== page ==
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2014: The “Charlotte’s Web Bill”, so named after a unique strain of marijuana that’s high in cannabidiol but low in THC, was passed.
2016: Amendment 2, a revised version of the Charlotte’s Web bill known as the “Florida Medical Marijuana Legalization Initiative”, successfully passed, making certain strains of medical marijuana accessible to those with qualifying medical conditions, as well as lifting some of the restrictions that were previously enacted.
2017: Amendment 2 goes into effect.
Following a quiet history with marijuana, with lawmakers previously believing that it played a role in a brutal crime in the 1930s, medical marijuana was approved as a treatment to a select group of qualifying patients under strict guidelines in 2014. These restrictions included who qualified for a medical prescription, where marijuana could be purchased, limitations on medical professionals and even the strain of plant that was legal for consumption (Charlotte’s Web). Shortly thereafter in 2016, Amendment 2 was passed; this broadened availability, allowing not simply a select group of patients but those suffering from terminal and chronic illnesses access to any marijuana strain for medical purposes.
As of January 2018, debates wage on as legislators attempt to come to an agreement on who should ultimately oversee the state’s regulations on prescriptions: the Florida Board of Medicine or individual physicians. As it stands, physicians can use discretion, but are cautioned as rules could change.
Can I possess, buy or grow marijuana in Florida?
In a recreational capacity, it remains illegal to possess, buy or grow marijuana in the State of Florida. Convoluting matters, varying Sunshine State municipalities have adopted their own rules and regulations on decriminalization. For example, according to the Orlando Weekly, possession of small amounts within city limits have been decriminalized. In this instance, a first-time offence might only result in a $100 fine or $200 for a second offense. However, it should be noted and taken into careful consideration that even these penalties are left to the discretion of the law enforcement official.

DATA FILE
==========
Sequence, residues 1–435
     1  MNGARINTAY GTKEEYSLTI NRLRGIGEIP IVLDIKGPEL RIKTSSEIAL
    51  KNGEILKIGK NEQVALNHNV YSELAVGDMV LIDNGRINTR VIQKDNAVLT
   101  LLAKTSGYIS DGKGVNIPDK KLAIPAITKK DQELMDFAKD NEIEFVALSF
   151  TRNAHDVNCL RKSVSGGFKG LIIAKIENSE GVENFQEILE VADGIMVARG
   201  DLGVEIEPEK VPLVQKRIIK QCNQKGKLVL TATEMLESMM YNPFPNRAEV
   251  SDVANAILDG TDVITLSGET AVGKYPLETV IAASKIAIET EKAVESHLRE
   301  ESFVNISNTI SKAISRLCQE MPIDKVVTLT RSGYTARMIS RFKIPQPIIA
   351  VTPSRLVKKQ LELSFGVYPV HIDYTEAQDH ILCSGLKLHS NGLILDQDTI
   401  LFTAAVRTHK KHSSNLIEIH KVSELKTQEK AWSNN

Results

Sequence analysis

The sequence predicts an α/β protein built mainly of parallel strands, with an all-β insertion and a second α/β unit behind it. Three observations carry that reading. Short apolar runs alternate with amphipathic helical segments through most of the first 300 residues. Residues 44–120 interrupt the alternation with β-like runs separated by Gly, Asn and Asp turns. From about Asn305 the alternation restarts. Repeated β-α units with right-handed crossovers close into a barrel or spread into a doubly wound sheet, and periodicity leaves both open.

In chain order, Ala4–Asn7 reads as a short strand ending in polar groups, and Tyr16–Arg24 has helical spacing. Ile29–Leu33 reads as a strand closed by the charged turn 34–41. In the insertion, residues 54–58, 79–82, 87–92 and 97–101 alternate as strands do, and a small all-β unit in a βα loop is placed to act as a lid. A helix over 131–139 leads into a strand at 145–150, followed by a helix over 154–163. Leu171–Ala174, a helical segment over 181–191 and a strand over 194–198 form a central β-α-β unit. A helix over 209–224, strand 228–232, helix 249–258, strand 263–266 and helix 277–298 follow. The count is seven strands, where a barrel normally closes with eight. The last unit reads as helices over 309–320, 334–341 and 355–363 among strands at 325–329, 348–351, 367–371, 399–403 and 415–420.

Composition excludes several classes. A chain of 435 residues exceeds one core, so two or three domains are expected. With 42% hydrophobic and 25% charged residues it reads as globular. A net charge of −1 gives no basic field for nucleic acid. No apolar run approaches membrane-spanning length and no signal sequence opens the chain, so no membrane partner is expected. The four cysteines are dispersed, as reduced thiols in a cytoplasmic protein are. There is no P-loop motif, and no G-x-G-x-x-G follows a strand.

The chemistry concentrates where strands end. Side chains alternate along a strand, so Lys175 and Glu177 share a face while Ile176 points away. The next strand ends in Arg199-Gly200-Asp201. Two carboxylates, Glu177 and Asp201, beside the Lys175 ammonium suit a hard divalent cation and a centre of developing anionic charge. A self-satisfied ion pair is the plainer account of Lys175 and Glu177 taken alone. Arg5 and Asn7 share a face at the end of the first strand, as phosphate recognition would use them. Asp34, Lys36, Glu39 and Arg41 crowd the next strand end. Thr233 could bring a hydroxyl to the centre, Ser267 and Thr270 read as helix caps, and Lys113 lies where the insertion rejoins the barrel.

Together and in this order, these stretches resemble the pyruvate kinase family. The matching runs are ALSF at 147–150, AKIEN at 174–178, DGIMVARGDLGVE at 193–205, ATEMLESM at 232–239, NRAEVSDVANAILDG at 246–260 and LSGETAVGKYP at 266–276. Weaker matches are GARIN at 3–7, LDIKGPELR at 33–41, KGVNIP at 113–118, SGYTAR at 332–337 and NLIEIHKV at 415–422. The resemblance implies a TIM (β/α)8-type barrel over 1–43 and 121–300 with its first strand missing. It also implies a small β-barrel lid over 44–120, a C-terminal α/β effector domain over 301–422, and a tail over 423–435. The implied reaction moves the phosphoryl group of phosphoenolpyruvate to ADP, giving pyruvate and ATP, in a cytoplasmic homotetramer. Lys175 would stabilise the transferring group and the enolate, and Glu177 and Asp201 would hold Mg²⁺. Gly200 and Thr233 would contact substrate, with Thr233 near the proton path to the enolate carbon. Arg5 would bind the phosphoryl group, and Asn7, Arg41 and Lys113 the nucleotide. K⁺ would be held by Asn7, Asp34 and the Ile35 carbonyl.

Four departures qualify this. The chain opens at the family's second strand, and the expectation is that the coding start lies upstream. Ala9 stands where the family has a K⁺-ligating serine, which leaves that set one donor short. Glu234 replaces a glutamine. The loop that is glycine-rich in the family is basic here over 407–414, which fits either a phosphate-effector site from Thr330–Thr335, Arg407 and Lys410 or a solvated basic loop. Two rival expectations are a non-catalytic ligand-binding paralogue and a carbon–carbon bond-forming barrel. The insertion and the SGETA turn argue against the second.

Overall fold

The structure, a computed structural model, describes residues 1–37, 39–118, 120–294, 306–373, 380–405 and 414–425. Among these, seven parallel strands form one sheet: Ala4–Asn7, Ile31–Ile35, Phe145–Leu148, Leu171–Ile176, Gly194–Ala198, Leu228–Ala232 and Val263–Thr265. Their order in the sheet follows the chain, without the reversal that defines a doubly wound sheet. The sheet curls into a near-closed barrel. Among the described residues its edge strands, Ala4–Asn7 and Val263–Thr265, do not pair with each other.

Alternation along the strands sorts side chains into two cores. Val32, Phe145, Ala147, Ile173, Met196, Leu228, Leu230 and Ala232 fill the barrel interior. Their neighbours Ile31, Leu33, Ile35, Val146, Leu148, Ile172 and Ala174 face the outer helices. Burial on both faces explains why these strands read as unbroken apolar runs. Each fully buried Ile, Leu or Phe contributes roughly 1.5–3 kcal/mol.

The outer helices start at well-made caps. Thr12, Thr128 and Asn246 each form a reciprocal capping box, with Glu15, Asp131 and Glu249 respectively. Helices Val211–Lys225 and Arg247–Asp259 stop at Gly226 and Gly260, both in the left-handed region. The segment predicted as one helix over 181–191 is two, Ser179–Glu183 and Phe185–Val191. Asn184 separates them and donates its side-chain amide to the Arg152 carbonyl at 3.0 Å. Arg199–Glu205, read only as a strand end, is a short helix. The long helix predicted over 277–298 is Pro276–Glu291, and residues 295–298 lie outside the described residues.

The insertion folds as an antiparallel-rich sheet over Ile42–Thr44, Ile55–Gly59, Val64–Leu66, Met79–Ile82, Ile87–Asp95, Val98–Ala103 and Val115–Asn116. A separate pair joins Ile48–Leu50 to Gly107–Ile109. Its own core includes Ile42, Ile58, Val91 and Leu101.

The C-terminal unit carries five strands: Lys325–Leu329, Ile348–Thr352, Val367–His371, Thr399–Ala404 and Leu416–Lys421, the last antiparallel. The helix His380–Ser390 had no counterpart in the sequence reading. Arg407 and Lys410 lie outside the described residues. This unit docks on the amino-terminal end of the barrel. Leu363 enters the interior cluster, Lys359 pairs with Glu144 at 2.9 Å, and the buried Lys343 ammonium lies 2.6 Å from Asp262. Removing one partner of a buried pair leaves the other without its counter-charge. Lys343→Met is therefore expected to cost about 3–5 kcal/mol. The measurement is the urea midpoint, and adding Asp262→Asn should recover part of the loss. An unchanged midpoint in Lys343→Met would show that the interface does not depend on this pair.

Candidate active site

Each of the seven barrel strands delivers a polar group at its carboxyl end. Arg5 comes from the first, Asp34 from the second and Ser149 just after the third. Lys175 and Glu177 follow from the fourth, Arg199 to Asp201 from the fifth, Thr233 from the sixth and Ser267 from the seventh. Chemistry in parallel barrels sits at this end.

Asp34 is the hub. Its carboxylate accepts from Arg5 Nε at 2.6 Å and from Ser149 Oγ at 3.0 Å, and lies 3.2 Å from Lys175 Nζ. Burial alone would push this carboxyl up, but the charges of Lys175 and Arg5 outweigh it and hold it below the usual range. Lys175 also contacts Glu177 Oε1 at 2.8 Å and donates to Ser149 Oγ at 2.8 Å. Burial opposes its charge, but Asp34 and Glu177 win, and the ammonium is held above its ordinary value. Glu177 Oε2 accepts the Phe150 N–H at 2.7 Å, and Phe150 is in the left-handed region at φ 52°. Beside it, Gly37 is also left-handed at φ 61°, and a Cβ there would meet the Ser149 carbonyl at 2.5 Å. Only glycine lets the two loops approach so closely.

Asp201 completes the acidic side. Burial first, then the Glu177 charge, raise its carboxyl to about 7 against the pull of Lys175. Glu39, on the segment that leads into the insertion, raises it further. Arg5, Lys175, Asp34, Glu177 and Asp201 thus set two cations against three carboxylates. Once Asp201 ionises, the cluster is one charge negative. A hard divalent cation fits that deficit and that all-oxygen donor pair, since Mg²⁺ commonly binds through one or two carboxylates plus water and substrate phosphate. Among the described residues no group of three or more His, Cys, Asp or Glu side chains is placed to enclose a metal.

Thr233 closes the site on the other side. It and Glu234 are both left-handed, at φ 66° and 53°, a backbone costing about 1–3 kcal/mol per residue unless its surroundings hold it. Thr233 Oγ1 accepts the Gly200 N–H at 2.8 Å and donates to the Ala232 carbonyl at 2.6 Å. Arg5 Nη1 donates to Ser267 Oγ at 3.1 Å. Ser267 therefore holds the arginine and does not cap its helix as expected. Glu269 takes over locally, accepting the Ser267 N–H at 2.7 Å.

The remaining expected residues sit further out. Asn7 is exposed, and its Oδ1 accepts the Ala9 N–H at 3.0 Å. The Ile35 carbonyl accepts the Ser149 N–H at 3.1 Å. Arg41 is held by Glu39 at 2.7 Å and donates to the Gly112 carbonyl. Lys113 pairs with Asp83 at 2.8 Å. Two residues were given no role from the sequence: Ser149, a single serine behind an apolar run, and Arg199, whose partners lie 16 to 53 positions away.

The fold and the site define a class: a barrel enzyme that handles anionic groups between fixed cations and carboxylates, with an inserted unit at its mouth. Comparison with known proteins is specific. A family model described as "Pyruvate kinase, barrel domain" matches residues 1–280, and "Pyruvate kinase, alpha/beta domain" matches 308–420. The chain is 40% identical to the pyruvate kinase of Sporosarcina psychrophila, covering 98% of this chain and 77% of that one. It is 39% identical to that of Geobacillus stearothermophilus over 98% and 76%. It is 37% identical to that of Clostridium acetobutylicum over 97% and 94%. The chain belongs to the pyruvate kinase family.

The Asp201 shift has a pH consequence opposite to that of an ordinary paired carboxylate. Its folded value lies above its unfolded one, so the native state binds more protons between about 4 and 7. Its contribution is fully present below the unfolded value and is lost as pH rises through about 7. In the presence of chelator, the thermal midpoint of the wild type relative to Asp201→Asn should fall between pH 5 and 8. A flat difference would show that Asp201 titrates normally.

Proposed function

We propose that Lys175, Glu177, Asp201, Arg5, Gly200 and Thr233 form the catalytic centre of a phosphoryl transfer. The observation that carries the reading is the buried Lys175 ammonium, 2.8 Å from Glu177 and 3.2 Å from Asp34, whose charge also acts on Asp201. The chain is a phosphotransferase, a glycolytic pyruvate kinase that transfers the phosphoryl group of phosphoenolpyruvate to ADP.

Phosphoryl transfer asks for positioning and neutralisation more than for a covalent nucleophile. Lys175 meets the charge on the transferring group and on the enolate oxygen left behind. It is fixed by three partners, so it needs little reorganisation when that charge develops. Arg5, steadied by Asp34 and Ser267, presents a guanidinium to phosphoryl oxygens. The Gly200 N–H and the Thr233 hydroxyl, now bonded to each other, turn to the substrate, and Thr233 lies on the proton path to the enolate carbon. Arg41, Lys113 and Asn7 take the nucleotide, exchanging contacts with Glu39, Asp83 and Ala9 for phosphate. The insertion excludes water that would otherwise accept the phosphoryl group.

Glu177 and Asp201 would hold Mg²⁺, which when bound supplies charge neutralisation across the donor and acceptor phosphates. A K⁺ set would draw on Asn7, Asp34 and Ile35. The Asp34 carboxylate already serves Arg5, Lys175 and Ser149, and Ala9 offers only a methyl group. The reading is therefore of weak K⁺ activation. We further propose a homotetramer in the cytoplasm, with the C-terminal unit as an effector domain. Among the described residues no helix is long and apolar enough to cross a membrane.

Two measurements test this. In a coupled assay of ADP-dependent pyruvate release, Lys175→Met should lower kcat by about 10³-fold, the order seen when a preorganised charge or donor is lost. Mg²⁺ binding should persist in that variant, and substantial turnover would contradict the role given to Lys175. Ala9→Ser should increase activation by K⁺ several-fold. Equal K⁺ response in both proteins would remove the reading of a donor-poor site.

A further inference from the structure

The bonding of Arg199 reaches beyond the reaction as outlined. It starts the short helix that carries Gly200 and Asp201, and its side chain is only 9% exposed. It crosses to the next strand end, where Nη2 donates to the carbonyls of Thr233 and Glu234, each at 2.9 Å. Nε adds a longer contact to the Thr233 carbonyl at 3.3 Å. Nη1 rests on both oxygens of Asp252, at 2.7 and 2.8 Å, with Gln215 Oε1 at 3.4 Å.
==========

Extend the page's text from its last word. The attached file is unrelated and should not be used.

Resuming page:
With regard to medical possession and use, those who have qualifying and physician-documented conditions can legally obtain, possess and consume medical marijuana. As of January, 2018, medical marijuana in Florida is prescribed by a specific amount of time, not by amount. This means that a patient might get a prescription for a certain number of days with X number of grams recommended per day. Currently, qualifying conditions include but aren’t limited to:
- Parkinson’s disease
- Multiple Sclerosis
- Chron’s disease
- Post Traumatic Stress Disorder (PTSD)
Can I operate a vehicle while under the influence of marijuana in Florida?
Despite the legalization of medical marijuana in Florida, it is illegal for anyone to operate a motor vehicle while under the influence of any marijuana product in Florida. Impaired drivers under the influence of marijuana will face the same charges as would someone who is under the influence of alcohol.
How do I get a medical marijuana card in Florida?
After consulting with a qualified ordering physician who must first recommend and prescribe marijuana as an appropriate treatment, patients with qualifying conditions may apply for a medical marijuana card with the Florida Department of Health under the Office of Medical Marijuana Use.
Can I use marijuana in public in Florida?
It is illegal to use marijuana, medicinal or otherwise, in public in Florida.
Can I sell marijuana in Florida?
Only licensed and registered dispensaries in the State of Florida can sell marijuana to card-carrying patients. The process of licensing dispensaries is currently in flux; please see the Florida Department of Health website for more information.
The information presented here should not be construed as legal advice. State and Federal laws are always subject to change. We aim to keep this page as updated as possible; however, for additional information regarding Florida marijuana laws, please see the Florida Department of Health website, Find Law and the National Conference of State Legislatures.